“Although not as high as last year when we saw a three-year high, there are still positive real wage gains across the globe,” said Benjamin Frost, Korn Ferry Hay Group global pay manager. “In addition to predicted salary increases, inflation is relatively low in most countries, which has a positive impact on real wages.”

Workers in Latin America are forecast to see the largest headline salary rises in 2017 at seven percent. However, due to high inflation in the region (5.9 percent), they are expected to see real wage increases of only 1.1 percent. In Colombia, workers can expect to see a 6.8 percent raise, but with an inflation rate of 7.6 percent, real wages will be down 0.8 percent. In Brazil, the expected salary increase is 8.8 percent, and with 8.4 percent inflation, the real increase is 0.4 percent.

2017 looks positive for workers in the Middle East. Despite plunging oil prices and economic and political turmoil throughout the region, salaries are forecast to rise by 4.5 percent. With inflation at two percent, real wages will rise 2.5 percent.

Jordan (6.3 percent) and Lebanon (6.1 percent) are forecast to see the highest real wage increases in the region, with the UAE set to see the slowest real wage growth (0.5 percent) – down from 0.9 percent last year.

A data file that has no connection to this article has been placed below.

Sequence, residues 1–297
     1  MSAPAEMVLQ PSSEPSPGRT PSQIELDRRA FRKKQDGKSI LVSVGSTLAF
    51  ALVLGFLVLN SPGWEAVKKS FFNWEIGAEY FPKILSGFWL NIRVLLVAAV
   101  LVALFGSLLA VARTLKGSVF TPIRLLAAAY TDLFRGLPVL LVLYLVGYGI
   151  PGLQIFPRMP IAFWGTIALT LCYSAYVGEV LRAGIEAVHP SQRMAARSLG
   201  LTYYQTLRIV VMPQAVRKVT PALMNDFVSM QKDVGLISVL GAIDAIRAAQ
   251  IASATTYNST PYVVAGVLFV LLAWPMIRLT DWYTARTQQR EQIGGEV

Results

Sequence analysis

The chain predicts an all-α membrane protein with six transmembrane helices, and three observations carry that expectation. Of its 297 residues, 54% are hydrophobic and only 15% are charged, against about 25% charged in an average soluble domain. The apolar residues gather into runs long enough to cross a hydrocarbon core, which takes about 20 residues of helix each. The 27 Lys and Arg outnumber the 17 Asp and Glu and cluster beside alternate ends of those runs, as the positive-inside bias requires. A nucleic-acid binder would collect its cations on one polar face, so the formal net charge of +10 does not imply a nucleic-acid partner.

Although top-line salaries will increase 6.4 percent in Africa, high inflation means the real increase is only 0.7 percent. High inflation in Egypt means it is one of two countries in the region set to see a cut in real wages at -3.0 percent, which is worse than the year prior, at -0.4 percent. Algeria is the other nation in Africa to see negative real wage increases, at -1.1 percent.

Wages in the Pacific region are forecast to come in at a 2.8 percent growth, with a 1.8 adjusted for inflation growth. Australia will see a three percent top-line growth, a 1.4 percent inflation rate, and a 1.6 percent real wage increase. In New Zealand, a 2.5 percent salary increase is forecasted, with 0.6 percent inflation, for a 1.9 percent real salary increase.